“I feel like I’ve had a lot of exposure to great drumming,” Colligan says. “Doesn’t necessarily make me a great drummer, but at least I have some kind of a perspective on that. And I believe that every jazz musician should have awareness outside of their own instrument. I always say, for example, that everybody needs to know about Charlie Parker. It’s not like in classical music where if you’re a pianist you deal with Chopin and you deal with that specific repertoire. In jazz, we’re all dealing with Charlie Parker, we’re all dealing with Trane, we’re all dealing with Monk. It’s not an instrument thing, it’s music...if you’re only looking at it from the standpoint of, ‘I play this instrument,’ you’re not necessarily going to be able to communicate with the other people you play with.”
The rest of the Theoretical Planets band must share this mindset, because the ensemble is a truly communicative band. At a February 26 live-stream show celebrating the album’s release, each member of the group was isolated in the various booths of Randy Porter’s home studio, but the collective energy was strong despite the barriers. The show was riddled with engaging moments of suspense, where Colligan’s flexible tom rolls spiraled smoothly into Jon Lakey’s sinuous bass tones and saxophonists Nicole McCabe and Joe Manis overlaid long flowing lines on top before snapping back into hard-driving grooves. Some of the band’s music is entirely improvised; Colligan frequently integrates free improvisation into his recording sessions alongside his more formal compositions, but these explorations don’t always make it on the finished album. With this band, however, things were different.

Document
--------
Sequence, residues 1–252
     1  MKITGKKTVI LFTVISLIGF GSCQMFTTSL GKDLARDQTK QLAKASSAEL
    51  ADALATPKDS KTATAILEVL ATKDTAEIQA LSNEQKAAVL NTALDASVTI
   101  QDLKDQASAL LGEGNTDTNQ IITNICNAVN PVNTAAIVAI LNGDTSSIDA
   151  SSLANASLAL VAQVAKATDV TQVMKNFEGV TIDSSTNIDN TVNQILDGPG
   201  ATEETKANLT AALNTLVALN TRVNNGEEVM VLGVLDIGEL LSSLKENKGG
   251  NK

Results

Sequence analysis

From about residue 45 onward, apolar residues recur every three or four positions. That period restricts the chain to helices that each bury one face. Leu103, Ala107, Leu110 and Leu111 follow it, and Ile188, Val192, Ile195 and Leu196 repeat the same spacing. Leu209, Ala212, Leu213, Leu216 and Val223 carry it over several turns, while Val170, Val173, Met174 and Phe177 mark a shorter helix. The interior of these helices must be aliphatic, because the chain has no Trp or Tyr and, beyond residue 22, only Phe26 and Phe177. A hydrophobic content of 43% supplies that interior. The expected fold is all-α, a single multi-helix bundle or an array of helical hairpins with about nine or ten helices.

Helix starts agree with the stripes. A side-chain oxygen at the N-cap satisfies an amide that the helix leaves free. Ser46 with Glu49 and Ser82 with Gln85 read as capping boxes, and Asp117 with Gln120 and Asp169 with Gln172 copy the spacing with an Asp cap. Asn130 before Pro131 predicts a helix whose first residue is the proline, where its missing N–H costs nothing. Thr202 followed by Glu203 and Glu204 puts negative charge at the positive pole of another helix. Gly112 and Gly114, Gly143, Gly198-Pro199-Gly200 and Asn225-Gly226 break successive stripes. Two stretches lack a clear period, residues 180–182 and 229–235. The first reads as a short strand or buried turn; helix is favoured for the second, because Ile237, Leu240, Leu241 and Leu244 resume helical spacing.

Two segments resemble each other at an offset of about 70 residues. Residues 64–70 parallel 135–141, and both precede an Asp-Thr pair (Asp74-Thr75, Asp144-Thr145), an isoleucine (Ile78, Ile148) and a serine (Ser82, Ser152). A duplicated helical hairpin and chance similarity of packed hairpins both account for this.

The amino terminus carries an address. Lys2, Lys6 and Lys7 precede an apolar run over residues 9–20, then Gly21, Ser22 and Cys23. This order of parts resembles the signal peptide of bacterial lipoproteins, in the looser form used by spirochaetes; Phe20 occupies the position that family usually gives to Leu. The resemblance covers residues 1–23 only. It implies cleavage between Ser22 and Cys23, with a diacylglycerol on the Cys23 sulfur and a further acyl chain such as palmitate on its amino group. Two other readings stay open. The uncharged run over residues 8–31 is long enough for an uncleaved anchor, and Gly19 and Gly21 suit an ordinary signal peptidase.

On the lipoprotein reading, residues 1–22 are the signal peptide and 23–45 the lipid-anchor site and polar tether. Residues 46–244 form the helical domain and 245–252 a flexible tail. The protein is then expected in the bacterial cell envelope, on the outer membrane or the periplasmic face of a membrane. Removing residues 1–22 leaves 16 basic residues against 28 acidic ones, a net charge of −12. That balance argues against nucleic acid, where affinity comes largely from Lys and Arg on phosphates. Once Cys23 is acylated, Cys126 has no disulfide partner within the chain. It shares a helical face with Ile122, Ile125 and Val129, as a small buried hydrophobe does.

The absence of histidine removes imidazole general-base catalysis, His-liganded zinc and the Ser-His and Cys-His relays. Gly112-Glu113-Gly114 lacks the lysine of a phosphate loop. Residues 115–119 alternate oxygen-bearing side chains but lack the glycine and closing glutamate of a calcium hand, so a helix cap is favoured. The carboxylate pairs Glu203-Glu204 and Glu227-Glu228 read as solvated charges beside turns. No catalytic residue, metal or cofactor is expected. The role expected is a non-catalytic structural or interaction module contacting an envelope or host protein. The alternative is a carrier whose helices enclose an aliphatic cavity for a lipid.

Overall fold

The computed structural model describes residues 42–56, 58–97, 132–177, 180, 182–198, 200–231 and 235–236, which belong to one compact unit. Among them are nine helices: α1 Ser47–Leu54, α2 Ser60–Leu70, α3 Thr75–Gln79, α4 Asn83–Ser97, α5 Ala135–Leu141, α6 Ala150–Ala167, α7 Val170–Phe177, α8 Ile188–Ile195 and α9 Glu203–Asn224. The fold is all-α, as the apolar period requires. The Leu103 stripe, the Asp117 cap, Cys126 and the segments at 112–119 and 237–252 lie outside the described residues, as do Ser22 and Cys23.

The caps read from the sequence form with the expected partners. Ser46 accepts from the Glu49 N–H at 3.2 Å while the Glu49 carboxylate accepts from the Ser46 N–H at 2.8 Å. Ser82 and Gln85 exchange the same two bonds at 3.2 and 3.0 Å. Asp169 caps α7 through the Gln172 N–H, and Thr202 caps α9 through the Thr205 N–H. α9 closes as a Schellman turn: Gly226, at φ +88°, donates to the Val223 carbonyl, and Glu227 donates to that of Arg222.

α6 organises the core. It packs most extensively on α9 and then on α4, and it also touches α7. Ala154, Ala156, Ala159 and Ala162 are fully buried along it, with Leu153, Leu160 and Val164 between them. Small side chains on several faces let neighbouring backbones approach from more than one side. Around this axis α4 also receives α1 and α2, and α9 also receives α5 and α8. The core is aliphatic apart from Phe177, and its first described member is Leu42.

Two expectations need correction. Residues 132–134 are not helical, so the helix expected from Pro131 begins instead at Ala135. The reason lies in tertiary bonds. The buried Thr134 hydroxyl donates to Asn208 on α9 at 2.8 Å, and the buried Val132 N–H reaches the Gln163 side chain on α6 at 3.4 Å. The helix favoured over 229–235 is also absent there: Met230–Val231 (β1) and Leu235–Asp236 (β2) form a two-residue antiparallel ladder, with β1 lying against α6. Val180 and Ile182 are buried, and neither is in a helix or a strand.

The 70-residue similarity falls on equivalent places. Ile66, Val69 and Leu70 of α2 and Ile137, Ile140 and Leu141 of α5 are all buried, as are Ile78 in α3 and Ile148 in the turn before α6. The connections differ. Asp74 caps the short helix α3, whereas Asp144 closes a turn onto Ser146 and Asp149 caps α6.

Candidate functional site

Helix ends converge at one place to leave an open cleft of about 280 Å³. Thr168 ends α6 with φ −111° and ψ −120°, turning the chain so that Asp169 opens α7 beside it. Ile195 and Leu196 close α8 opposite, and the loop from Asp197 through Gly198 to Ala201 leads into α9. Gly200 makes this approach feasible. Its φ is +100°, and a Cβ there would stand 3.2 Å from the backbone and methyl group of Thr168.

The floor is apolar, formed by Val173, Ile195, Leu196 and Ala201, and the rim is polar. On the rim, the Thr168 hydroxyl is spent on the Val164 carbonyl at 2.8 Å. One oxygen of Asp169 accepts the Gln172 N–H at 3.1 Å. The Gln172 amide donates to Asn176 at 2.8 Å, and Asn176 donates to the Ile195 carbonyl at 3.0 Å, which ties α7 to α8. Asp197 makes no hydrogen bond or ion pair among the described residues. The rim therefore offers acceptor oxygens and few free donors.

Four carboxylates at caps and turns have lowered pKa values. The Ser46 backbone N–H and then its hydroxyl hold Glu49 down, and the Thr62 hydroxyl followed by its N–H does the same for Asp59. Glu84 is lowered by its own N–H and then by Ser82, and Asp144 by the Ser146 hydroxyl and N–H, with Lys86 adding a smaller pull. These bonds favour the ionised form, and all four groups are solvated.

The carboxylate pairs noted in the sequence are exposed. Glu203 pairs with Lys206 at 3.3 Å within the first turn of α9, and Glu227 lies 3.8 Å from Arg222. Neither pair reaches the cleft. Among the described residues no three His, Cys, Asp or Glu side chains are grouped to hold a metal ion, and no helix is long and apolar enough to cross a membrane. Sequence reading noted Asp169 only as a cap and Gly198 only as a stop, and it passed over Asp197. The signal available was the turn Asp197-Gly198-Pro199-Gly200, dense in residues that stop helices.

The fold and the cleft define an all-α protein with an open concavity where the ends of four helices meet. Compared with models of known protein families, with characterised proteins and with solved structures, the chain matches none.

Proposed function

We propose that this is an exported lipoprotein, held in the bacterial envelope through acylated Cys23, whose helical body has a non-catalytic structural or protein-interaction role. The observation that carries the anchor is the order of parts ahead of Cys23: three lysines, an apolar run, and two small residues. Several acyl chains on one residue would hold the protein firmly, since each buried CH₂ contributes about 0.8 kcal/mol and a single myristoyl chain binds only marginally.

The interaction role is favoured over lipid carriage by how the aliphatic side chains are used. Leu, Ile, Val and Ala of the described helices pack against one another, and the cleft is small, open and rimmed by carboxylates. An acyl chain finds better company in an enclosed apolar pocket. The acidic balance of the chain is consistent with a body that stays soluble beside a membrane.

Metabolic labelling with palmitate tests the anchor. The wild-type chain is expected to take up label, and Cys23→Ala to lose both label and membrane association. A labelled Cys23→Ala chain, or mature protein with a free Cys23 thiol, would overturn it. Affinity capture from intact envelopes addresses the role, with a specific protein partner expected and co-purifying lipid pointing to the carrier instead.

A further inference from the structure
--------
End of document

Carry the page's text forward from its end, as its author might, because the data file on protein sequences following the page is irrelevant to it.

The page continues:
“I was so happy with all the free things we did that I said, ‘We gotta put all of this on the record!’ The spirit of improvisation and the interplay with everybody I really, really, enjoyed,” Colligan says. “This is a group that I really wish could do more in Portland. I feel like some people say, ‘Oh, no chordal instrument,’ and they immediately have a strange reaction. But it really isn’t a new thing. Ornette Coleman was playing with no chords in 1959!”
In addition to Lakey, McCabe, and Manis, the album features guest spots from tenor saxophonist Nicole Glover and trumpeter Noah Simpson (Simpson was also on the live-stream, joined additionally by vocalist Anna Meyer). Colligan is proud of the band’s energy and the fact that every member, with the exception of Manis, is a graduate of PSU, where Colligan teaches (Manis is on faculty).
“I’m really proud that I have students and faculty that I can collaborate with,” says Colligan. “And I’m really happy with the fact that I can say, ‘Look: these are students that came to our program and now are professionals on the scene.”
Colligan is still hard at work at Portland State, teaching classes and private lessons online. And while certain aspects of music education have been impossible without in-person instruction, Colligan thinks many of the technological work-arounds are here to stay.
“I’ve found that the students are generally on time, because they don’t have to go anywhere,” he says. “Hopefully at some point we won’t have the restrictions of the pandemic, but we will still have virtual meetings and virtual classes as an option, especially if I were to go on the road for a week and I still wanted to teach classes, or still wanted to give lessons, and I didn’t want to feel like it was just a big zero. Now I think that’s actually cool.”
Our conversation has lasted almost an hour, and Colligan has to cut it off to teach one such Zoom class. Though he’s been staying busy during the pandemic, his life has markedly changed since he started working from home and staying off the road. For Colligan, it’s allowed for some unique self-discovery.
“I miss going somewhere to play with great musicians,” he says. “But I don’t miss the sitting on planes and sitting in airports and looking at my itinerary and saying, ‘Well, I hope I make this flight because it’s only a 45 minute connection in Denver...I have two kids and my wife and we definitely have been getting on each other’s nerves because we’re all just here all the time. However, on the plus side, we get to be together. I really value that.”